Saxon – Shepherd’s Bush Empire, London – April 23rd 2008

4 stars (out of 5)

1

SaxonSaxon are a band full of very loud clichés. They’ve ‘got to rock to just to stay alive’, they ‘never surrender when their backs are against the wall’ and they just love to ‘feel your power’.

Corny? Maybe.

Spinal Tap-esque? Certainly – especially as they were one of the main influences for that famous mockumentary.

Enjoyable? Too bloody right. To coin a much-used phrase (some may call it a cliché…) – these guys ROCK!

As the band take to the stage (following a slightly shaky but gutsy performance from Girlschool – officially the longest-serving all-girl band in the world, apparently), it becomes immediately evident that neither silver-maned singer Biff Byford, nor the hairy, sweaty throng before him give a damn about whether the material has a few clichés in it. As long as it’s spine-shakingly loud and it’s delivered with power, everyone’s happy.

It’s an attitude that’s all the more refreshing in an industry that’s become weighed down by it’s own coolness. And this particular brand of good, old-fashioned, unpretentious, honest English heavy metal seems to be working for Saxon, who are riding a wave of resurgence in all things rock. As a result, the Empire is heaving.

Tonight is a special night to celebrate St George’s Day, with Saxon’s setlist only involving songs with a particularly ‘English’ theme. As a result, there’s no room for their two biggest hits – Wheels of Steel and The Strong Arm of the Law. There are not many bands who could get away without playing the crowd favourites but Saxon pull it off by producing quality riff after quality riff, even if the songs are not so well-known.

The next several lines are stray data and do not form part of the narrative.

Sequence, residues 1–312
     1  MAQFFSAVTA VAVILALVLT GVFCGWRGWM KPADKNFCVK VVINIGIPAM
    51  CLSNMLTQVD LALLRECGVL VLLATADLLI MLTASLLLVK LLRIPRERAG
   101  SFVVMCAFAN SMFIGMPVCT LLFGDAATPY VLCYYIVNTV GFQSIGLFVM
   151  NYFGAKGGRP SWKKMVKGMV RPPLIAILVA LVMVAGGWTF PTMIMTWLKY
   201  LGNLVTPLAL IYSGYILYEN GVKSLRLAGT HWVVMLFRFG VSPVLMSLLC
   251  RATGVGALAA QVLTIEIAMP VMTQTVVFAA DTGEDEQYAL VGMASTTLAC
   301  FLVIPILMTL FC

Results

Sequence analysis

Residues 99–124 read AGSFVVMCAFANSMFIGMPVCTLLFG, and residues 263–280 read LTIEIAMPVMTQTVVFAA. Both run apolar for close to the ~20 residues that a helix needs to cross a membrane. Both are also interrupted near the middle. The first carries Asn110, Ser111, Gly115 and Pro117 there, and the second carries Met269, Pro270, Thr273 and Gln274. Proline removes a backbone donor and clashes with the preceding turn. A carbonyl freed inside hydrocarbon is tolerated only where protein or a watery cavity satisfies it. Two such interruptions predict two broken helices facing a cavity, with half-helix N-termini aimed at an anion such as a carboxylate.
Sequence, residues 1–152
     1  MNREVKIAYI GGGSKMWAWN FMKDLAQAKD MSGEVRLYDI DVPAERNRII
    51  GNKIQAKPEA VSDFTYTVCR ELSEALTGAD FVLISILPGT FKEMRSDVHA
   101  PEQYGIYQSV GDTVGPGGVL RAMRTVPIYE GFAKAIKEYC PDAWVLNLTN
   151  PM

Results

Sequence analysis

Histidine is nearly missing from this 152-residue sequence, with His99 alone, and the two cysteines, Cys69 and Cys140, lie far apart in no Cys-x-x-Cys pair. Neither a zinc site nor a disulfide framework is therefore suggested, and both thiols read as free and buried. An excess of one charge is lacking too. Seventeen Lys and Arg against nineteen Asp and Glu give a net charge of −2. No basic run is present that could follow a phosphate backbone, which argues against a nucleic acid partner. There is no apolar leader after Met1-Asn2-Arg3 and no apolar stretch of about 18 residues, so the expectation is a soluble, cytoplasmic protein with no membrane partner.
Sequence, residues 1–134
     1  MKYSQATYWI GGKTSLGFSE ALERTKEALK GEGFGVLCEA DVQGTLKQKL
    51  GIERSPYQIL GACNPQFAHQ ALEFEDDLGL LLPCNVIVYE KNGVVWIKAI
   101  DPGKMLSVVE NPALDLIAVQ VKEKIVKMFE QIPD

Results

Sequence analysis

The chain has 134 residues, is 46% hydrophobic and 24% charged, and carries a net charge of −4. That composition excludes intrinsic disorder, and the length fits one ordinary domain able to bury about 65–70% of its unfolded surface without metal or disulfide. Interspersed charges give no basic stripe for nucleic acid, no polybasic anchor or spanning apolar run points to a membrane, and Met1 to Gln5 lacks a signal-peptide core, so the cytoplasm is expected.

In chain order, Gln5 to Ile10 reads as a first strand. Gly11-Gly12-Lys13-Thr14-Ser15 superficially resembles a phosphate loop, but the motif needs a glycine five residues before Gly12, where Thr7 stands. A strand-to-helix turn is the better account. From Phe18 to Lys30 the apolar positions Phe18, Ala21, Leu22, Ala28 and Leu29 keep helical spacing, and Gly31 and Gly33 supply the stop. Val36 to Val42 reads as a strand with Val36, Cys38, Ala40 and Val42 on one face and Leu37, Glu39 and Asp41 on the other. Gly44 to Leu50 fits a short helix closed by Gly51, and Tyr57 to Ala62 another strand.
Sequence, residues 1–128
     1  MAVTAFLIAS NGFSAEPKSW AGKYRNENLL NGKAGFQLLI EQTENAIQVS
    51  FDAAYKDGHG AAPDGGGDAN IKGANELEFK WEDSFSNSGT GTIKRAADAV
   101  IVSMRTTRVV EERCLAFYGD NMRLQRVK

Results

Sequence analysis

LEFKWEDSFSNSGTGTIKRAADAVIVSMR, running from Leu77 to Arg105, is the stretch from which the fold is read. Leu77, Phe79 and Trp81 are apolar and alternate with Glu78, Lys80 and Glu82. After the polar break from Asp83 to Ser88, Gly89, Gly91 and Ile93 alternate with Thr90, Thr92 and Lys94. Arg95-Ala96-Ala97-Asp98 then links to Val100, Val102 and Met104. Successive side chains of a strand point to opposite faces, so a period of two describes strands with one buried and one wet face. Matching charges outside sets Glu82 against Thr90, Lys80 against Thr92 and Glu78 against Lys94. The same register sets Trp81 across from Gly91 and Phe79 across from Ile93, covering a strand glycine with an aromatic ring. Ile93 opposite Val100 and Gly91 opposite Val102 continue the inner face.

For the uninitiated, that’s one surprising aspect of Saxon: the quality. Debuting in ’79, they’re one of the original New Wave of British Heavy Metal, along with Iron Maiden and Motorhead. But while a Motorhead gig experience can sometimes be akin to strapping a 747 to each ear, Saxon are tighter than a gnat’s arse when it comes to playing. Guitarists Doug Scarrat and Paul Quinn pull off some mind-blowing solos, while bassist Nibbs Carter and drummer Nigel Glocker form a pummelling backline upon which Byford delivers his powerful vocals. It makes you wonder why Maiden made it while Saxon didn’t quite… not that anyone cared about that tonight.

Byford used the occasion to announce that they’ll be appearing alongside Kiss, Judas Priest and Motorhead at this year’s Download festival at Donnington Park, before charging out with Lemmy on a double-headed UK tour with Motorhead.

Half-a-dozen or so TV cameras were rolling tonight, collecting footage for an upcoming 30th anniversary documentary on the band. My guess is that if the doc matches the quality of this gig, the fans will lap it up.